Hôtel des Monnaies, Paris
The Hôtel des Monnaies is an 18th-century building located at 11 Quai de Conti in the 6th arrondissement of Paris, which has housed the Monnaie de Paris (the Paris Mint) since its construction. It is considered a prime example of pre-Revolutionary French Neoclassical architecture.
The building is the masterwork of the architect Jacques Denis Antoine (1733–1801), who in 1765 bested Étienne-Louis Boullée and François Dominique Barreau de Chefdeville in a competition to design it. Though it was his first major civic project his design later won him admission to the Académie royale d'architecture.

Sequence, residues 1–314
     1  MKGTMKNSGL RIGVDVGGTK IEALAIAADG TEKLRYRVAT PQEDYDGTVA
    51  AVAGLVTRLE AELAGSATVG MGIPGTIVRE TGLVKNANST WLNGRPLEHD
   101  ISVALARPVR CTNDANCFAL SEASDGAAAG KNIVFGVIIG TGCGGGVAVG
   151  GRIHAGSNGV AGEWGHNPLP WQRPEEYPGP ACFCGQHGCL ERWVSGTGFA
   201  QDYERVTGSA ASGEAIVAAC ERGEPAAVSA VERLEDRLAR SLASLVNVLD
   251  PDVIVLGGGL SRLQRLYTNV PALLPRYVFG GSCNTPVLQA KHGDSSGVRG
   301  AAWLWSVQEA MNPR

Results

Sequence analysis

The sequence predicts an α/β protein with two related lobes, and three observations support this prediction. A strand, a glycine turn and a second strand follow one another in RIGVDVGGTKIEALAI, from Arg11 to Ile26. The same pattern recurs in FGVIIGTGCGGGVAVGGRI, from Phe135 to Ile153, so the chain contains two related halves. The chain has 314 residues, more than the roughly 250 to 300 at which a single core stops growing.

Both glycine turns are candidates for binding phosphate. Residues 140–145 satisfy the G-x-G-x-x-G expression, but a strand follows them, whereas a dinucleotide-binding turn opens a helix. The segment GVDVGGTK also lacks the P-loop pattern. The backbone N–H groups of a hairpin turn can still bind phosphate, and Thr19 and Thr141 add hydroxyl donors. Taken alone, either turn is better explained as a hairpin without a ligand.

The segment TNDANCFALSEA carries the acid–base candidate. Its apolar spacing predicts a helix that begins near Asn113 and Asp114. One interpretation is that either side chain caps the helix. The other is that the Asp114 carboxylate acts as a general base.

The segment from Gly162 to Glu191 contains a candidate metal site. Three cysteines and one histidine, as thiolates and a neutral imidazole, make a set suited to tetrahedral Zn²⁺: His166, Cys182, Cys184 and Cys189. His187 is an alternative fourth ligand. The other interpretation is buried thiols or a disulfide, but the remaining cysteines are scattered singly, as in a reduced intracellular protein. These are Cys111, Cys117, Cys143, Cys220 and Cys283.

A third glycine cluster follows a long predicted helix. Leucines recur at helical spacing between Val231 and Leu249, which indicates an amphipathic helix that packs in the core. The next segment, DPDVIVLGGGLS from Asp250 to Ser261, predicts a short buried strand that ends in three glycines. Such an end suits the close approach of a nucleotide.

Demolition of the Hôtel de Conti, which had occupied the site since 1580, was begun in 1768. The first stone was laid by Abbé Joseph Marie Terray on 30 April 1771. The riverside façade was completed in 1773, and the whole exterior and most of the interior by 1775.
The building is typified by its heavy external rustication and severe decorative treatment. It boasts one of the longest façades on the Seine; its appearance has been likened to the Italian palazzo tradition. The building, which housed mint workshops, administrative rooms, and residential quarters, wraps around a large interior courtyard. It remains open to the public and includes a numismatics museum, located within what was once the main foundry.
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